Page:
Winter Cranberry Bread

This week in Alabama, we got to experience our own little winter wonderland. Now, to someone who lives in the beautiful northern part of the country they would never consider our measly inch of snow a winter wonderland, but to this Alabama girl who loves snow, I’ll take whatever I can get. On these cold, snowy mornings, my mind is flooded with memories on my granny making her Winter Cranberry Bread. This bread is sweet, but not too sweet, so it’s perfect for a breakfast bread or just an afternoon snack.

My granny never used a hand mixer to stir this lovely bread together. “All you need is a bowl and a wooden spoon” she would say. Her recipe would change, depending on what she had in the cabinet at the time. During our Southern blizzards, everything shuts down, so she couldn’t just run down to the local Piggly Wiggly and purchase the exact ingredients to make the bread. If she didn’t have cranberries she would use this same recipe but substitute the fruit. Apples or pears with the addition of a little cinnamon is wonderful.

On your next snow day, take the time to go into the kitchen with your loved ones and make this lovely loaf of bread. I encourage you to cook with your loved ones. The memories I have of being in the kitchen with my grandparents and parents are ones that I cherish. I love cooking with my nieces and nephews and hope that when they are my age, they will look back on our time in the kitchen together as fondly as I look back on mine.

Winter Cranberry Bread

2 ½ cup All-purpose flour
1 cup sugar
¼ tsp salt
1 tsp baking powder
1 tsp baking soda
2 Tbsp. grated orange rind
1 ½ cup fresh whole cranberries (or frozen, thawed)
1 cup chopped pecans
2 eggs, beaten
¾ cup vegetable oil
1 cup buttermilk
Preheat oven to 350 degrees. Mix together all ingredients until well blended. Pour in to greased pans.
If using a Bundt Pan, bake for 40 minutes or until a toothpick inserted in the center of the bread comes out clean.
If using loaf pans, bake for 35 minutes or until a toothpick inserted in the center of the bread comes out clean.
By: Anna Hamilton

By: Lynne Hart
I would like to take this opportunity to introduce you to a few of our outstanding Adopt-A-Spot volunteers and the organizations that have financially benefited from their volunteerism.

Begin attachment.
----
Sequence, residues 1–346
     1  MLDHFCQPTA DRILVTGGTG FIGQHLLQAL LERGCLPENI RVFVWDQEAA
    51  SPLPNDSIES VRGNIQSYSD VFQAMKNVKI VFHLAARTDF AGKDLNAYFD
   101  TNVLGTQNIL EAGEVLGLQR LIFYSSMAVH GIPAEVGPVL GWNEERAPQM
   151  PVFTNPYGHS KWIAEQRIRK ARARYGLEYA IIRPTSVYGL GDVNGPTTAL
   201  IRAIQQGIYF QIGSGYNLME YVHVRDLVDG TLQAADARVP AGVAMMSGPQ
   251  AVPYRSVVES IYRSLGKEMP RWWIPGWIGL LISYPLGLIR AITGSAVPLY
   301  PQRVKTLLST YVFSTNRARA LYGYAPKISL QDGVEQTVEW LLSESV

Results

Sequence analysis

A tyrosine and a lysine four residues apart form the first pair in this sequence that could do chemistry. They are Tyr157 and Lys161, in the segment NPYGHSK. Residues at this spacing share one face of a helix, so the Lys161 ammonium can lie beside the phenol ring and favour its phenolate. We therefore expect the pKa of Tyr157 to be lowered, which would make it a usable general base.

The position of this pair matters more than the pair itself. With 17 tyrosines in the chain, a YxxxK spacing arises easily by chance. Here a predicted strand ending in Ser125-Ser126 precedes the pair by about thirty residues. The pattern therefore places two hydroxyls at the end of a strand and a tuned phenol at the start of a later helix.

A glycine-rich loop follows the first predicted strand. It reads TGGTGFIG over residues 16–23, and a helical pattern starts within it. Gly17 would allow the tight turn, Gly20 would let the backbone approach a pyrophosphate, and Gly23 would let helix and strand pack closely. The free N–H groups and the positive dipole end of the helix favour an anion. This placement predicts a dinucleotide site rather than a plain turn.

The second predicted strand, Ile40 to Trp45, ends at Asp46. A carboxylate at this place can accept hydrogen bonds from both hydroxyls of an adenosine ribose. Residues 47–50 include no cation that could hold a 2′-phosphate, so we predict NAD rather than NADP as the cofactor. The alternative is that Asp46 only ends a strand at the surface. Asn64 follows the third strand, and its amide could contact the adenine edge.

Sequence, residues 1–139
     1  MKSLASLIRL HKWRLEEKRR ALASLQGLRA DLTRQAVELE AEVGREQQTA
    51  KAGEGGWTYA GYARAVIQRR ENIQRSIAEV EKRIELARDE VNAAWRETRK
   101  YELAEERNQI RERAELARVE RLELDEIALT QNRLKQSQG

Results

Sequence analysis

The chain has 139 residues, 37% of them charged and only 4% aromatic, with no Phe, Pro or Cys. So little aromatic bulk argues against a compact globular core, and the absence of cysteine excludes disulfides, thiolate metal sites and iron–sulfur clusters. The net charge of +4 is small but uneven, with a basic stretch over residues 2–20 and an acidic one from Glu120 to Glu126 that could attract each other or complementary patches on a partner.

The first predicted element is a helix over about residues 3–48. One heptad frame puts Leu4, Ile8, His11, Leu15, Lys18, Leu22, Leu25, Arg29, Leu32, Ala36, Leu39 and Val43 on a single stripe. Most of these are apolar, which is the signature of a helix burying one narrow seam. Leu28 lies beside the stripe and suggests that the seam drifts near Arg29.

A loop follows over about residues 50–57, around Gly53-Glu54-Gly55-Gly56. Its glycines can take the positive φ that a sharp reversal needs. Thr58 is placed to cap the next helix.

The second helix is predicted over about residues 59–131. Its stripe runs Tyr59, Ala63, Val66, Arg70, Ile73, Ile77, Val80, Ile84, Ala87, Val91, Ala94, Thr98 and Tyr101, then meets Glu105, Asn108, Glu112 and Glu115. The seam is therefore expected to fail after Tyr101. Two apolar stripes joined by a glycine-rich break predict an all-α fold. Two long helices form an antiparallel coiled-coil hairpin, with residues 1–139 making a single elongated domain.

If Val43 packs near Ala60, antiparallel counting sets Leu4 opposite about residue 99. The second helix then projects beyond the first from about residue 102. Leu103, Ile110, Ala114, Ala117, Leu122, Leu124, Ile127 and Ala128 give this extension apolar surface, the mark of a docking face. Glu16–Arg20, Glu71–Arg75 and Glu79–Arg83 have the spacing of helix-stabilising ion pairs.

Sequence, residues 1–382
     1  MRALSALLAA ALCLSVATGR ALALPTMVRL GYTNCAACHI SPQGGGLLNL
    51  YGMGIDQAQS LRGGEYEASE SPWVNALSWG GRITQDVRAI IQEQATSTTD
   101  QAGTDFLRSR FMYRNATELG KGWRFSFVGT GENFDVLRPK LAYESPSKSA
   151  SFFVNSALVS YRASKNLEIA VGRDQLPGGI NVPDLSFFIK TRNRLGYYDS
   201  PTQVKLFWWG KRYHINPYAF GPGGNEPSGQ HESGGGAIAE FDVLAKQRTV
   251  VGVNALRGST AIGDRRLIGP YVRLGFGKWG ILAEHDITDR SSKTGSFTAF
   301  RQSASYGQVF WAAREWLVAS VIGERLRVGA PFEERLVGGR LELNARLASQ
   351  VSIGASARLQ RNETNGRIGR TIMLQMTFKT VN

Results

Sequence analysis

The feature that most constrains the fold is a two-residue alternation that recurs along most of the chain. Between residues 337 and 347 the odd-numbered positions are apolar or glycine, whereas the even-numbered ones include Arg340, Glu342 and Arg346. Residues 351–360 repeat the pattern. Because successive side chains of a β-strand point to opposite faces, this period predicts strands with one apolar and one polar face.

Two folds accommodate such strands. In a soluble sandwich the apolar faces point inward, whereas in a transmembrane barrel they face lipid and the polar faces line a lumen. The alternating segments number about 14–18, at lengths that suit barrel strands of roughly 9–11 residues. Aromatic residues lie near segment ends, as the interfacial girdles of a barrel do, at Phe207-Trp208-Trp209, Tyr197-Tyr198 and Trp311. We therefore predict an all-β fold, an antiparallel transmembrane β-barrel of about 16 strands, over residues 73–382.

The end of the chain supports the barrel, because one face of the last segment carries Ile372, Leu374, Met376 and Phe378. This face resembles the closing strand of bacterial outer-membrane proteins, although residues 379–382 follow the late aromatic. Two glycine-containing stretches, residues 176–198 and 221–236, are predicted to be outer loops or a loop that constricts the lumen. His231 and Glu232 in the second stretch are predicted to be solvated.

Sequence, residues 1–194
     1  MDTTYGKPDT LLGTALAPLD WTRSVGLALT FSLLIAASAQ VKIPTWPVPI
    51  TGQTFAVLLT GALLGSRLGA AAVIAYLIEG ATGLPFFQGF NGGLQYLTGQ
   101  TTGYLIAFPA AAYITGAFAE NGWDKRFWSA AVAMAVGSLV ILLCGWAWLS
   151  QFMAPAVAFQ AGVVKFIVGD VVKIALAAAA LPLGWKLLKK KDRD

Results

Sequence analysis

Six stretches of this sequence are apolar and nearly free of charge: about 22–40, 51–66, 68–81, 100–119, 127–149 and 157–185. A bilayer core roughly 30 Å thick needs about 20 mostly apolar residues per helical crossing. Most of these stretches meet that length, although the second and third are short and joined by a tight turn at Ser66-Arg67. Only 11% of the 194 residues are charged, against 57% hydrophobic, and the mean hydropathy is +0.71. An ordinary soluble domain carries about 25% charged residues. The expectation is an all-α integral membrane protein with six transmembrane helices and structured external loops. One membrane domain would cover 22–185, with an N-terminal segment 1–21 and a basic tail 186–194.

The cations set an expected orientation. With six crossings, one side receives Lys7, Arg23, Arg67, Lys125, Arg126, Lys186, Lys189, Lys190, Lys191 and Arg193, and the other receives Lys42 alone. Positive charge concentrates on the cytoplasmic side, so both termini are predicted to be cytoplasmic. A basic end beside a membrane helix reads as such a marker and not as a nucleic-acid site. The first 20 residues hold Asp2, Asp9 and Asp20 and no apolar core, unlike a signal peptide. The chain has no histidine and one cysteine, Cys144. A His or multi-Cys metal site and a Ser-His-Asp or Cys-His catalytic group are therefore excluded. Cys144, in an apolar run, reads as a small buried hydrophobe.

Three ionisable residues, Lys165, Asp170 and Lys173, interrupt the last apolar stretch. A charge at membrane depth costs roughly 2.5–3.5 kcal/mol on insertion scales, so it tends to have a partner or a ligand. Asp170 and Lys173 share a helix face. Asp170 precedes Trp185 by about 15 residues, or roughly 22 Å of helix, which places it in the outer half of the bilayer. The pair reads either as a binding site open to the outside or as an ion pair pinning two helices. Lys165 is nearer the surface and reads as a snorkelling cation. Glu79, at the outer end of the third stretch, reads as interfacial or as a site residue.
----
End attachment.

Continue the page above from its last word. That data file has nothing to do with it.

First, let me explain how the Adopt-A-Spot program works. KALB invites Individuals, citizen groups, and organizations to adopt a designated Adopt-A-Spot location to perform cleanups monthly, or as often as possible. After every 3rd cleanup, with a maximum of one reward per quarter, a $50 check is written to the adopting or designated organization. The receiving organization can potentially receive a total of $200 per year. KALB is grateful to the City of Athens for helping to fund this program through their annual appropriation.

Our city benefits from the removal of unsightly and dangerous litter AND a local organization receives funds that help give back to the community again!

SPOTLIGHT: INDIVIDUAL
Mr. Barry Phillips is faithful in his commitment to picking up two Adopt-A-Spot locations. The first is Forrest St. from Hwy. 31 to Jefferson St., and the second is Jefferson St. from Hwy. 72 to the Square. You can spot Mr. Phillips easily in his yellow safety vest using the supplies provided by KALB as he picks up litter along his chosen routes.

“I have been doing a couple of Adopt-A-Spot streets for a few years now and have gotten to where they are MY streets,” said Phillips. “I find myself getting upset at people who trash MY streets. Even when it’s not time to pick up trash, I’m looking for litter and planning my next pickup time.”

Mr. Phillips has chosen the Athens-Limestone Public Library as one of his designated non-profit organizations to receive his reward checks. “There is also an organization that profits from my work,” said Phillips. “I hear from them periodically, and I realize how important even a small gift is to them. It benefits both me as the giver and the community as the receiver.”

Paula Laurita, Director of the Athens-Limestone Public Library appreciates the donations received due to Mr. Phillips’ work. “The donations received through the KALB Adopt-A-Spot program have benefited everyone in the community,” said Laurita. “Mr. Phillips’ work supports literacy for all ages. ‘We Both Read’ books have been purchased with the reward funds for adults and children to share together. The best way to improve reading skills is for children to enjoy reading. By using the Adopt-A-Spot donations for these books, we are putting books in children’s hands.”

SPOTLIGHT: ORGANIZATION
The organization that has been continuously volunteering in the Adopt-A-Spot program is Boy Scout Troop #24. This troop adopted Lucas Ferry Rd. in 2007 and has been faithfully picking up trash along that road ever since.

Reward checks go directly back to Troop #24, since they qualify as a non-profit within Limestone County. Scoutmaster Van Miller appreciates the opportunity for his troop to provide service to the community, and for them to learn through action the foundations of the Boy Scouts of America. “Being a good steward of the environment is one of those foundations, as well as being a good citizen,” said Miller. “The boys have commented many times on how much litter has been thrown along the road, and they question why people are not more considerate of the community.” Scoutmaster Miller said this service has been a great teaching tool. According to Miller, the funds received over the years from this program have allowed the troop to invest in the future of the scouts’ lives by allowing them to go camping, support service projects, purchase equipment, and supplement scout expenses so more boys can take part in scouting activities.